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Overseas shipping in the 17th Century

Aug 5, 2008
As the year 1600 came and went with the clear leader in the quest for overseas shipping dominance in America being the Spanish, Great Britain took a more aggressive approach and began to seek out opportunities for colonization. Ironically, it was actually a group that was fleeing from religious persecution in England that became the first to establish a permanent foothold. The Pilgrims, a group of Puritans that had been shunned by the Church of England, boarded a ship called the Mayflower and landed at Plymouth, Massachusetts in 1620.

The establishment of a permanent colony on the mainland dictated the need for new overseas shipping routes from England. Once the colony had survived their first winter and proven that they would not duplicate the mysterious disappearance of Roanoke, overseas shipping companies from Europe geared up and starting sending supplies, weapons and new colonists on a regular basis. Expansion followed and soon seaports were established in Boston, New York and along the coast of Virginia. The next century and a half saw the building of Philadelphia, Baltimore and Atlanta.

Overseas shipping is the force that built the thirteen colonies of early America from an unstable group of scattered villages into a cooperative force that would eventually challenge a foreign ruler. The natural harbors of North America that were located at the mouths of rivers which led to the interior provided a perfect opportunity for growth. The progressive approach of the British colonists and the constant flow of weapons, food and supplies from overseas shipping companies in Europe provided the necessities and luxuries to build a permanent home for many in a new country.

As the new seaports sprung up on the East Coast, overseas shipping companies from Europe began to establish offices in North America. The new continent provided a wealth of agricultural products and natural resources that were sorely needed by the struggling nations of England and France. The French, who had quietly been colonizing the northern portions of the continent now known as Canada, established the City of Quebec on the St. Lawrence River and began to transport their new found wealth back to Paris.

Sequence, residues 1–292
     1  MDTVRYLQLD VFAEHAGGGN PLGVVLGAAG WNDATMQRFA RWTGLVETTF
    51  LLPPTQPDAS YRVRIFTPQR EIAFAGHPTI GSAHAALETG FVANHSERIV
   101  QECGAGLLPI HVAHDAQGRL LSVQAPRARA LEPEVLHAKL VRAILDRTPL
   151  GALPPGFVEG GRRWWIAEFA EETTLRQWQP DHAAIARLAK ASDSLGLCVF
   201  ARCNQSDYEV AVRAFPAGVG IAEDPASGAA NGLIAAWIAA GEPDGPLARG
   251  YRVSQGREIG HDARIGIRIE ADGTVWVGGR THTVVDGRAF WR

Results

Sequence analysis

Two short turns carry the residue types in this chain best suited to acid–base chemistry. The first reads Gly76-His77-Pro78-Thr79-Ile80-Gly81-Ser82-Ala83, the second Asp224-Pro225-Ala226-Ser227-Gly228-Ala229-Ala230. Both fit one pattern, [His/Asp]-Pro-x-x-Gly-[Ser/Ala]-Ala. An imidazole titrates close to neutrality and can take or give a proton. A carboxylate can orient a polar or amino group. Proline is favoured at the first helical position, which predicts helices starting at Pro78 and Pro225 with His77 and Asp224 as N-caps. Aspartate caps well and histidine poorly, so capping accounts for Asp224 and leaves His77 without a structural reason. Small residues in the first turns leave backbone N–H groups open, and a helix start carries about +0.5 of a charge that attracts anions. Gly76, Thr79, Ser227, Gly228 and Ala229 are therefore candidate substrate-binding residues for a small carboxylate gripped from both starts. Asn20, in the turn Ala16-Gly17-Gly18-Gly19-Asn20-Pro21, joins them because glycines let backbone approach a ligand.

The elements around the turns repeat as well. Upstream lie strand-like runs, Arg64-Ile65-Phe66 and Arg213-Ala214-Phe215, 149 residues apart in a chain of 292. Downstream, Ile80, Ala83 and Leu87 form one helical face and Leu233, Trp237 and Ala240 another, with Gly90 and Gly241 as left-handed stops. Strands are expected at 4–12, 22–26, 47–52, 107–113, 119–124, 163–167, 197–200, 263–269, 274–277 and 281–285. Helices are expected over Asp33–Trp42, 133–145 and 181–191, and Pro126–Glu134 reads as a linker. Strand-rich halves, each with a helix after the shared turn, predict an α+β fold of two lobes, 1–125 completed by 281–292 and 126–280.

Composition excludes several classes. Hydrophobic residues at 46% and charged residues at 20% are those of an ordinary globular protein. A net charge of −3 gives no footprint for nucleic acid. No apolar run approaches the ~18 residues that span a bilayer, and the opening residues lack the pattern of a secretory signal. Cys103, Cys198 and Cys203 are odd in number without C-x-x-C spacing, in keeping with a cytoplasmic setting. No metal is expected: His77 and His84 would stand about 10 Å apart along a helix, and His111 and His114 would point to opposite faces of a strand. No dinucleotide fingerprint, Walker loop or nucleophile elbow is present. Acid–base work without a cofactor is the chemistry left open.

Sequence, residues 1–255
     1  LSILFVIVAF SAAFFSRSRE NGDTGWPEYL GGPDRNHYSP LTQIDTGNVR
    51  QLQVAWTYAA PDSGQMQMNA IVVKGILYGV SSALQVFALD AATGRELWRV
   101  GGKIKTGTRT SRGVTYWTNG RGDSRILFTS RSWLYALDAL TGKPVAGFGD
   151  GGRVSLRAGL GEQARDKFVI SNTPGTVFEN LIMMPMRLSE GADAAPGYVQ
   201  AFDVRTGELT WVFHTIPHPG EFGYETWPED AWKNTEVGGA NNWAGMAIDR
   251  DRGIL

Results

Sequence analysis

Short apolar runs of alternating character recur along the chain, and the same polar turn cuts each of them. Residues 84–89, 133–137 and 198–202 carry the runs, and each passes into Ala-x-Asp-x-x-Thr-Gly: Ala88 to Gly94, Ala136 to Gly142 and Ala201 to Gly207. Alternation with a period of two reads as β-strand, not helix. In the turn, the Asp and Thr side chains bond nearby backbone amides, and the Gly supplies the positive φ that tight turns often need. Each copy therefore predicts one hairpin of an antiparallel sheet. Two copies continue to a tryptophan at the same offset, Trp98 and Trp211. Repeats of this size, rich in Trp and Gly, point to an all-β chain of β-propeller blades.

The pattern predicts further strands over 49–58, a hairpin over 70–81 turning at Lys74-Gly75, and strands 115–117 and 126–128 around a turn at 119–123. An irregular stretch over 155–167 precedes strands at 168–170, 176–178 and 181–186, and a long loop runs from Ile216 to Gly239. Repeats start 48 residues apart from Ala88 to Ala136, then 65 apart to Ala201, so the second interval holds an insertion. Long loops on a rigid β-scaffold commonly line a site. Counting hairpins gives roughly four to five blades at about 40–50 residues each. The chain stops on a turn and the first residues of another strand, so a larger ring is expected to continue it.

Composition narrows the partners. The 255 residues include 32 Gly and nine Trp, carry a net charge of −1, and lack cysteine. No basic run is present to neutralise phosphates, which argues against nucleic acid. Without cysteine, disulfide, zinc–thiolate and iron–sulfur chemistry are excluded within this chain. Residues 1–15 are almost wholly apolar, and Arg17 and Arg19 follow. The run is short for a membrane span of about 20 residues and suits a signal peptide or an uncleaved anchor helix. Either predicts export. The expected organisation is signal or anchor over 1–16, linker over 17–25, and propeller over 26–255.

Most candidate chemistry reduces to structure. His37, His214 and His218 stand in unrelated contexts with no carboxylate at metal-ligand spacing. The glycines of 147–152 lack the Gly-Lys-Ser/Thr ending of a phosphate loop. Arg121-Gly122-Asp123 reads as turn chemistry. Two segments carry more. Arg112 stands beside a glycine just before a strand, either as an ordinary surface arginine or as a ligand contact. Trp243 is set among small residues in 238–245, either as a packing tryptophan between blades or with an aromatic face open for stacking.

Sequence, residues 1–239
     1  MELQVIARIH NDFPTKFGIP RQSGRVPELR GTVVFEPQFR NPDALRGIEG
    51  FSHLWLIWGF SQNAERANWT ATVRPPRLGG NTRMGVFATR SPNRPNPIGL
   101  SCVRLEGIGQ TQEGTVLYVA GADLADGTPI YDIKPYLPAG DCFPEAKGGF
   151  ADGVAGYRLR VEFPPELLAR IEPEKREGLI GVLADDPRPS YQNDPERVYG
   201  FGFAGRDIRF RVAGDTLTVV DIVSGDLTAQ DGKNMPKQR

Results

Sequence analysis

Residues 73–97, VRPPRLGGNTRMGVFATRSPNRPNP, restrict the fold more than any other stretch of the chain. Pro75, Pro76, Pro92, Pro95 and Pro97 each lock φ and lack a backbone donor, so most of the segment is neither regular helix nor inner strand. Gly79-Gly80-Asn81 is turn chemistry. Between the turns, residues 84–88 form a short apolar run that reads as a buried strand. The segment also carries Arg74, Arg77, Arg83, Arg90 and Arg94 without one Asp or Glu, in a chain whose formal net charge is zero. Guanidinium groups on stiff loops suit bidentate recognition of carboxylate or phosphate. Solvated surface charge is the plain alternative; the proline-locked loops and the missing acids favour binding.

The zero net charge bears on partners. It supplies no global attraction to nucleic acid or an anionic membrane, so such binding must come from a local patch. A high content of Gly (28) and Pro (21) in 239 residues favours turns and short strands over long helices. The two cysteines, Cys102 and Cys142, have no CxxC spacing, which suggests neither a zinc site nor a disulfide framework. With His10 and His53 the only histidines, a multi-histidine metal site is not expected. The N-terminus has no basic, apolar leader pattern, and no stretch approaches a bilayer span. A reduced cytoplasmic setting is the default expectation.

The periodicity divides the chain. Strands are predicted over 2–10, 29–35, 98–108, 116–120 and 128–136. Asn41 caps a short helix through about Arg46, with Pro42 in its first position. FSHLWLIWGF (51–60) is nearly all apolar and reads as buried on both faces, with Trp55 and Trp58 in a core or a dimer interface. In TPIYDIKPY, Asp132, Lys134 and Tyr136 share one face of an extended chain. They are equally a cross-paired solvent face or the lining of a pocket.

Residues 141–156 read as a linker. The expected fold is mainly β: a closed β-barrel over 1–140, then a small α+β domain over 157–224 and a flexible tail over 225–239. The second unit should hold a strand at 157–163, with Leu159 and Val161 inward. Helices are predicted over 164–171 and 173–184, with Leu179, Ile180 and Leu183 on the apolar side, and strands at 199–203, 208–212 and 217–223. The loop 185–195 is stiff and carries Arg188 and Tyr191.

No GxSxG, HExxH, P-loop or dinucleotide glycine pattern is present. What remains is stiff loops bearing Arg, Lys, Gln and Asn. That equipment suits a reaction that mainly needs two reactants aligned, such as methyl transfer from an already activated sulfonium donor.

Meanwhile, the Spanish had a stranglehold on the Caribbean and the undiscovered countries to the south. As the 17th Century came to a close the lines were clearly drawn and conflict over control of overseas shipping routes and trade with Europe seemed inevitable. Tensions began to build once again and nations that had been at odds for centuries prepared for a battle for the New World. The French formed alliances with native Indian tribes in the north. The Spanish sent fleets of warships to reinforce their military bases in the Caribbean in the south. The British, who now had the largest foothold on the continent, prepared for war. The struggle for control was about to come to a head and no one who was involved in it at that point could have predicted the final outcome. The country that would eventually control overseas shipping and trade routes to and from America didn't even exist yet.
About the Author
Nir Dotan is a writer and promoter of
International Shipping
services, and
Auto Shipping
Local as well as International Moving
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